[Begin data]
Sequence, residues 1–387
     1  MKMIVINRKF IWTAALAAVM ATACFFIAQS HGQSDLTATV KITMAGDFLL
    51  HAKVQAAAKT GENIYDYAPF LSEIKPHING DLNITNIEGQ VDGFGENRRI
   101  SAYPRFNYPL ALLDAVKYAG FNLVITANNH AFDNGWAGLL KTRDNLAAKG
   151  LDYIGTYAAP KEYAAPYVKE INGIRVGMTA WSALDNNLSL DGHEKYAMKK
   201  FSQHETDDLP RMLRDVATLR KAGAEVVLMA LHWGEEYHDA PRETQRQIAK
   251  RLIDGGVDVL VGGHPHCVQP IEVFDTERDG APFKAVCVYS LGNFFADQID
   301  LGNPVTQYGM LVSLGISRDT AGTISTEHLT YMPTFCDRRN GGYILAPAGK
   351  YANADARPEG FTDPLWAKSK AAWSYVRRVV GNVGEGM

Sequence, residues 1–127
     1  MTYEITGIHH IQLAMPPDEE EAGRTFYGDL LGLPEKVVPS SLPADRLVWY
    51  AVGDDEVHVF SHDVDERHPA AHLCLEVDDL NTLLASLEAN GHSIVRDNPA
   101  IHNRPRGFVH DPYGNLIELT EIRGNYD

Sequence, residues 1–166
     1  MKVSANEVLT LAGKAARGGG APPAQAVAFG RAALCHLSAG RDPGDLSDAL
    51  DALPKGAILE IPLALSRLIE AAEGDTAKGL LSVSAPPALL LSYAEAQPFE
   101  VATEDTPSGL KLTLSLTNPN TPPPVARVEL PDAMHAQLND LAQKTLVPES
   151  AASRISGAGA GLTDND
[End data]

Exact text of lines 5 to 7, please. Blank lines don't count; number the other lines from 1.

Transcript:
   151  LDYIGTYAAP KEYAAPYVKE INGIRVGMTA WSALDNNLSL DGHEKYAMKK
   201  FSQHETDDLP RMLRDVATLR KAGAEVVLMA LHWGEEYHDA PRETQRQIAK
   251  RLIDGGVDVL VGGHPHCVQP IEVFDTERDG APFKAVCVYS LGNFFADQID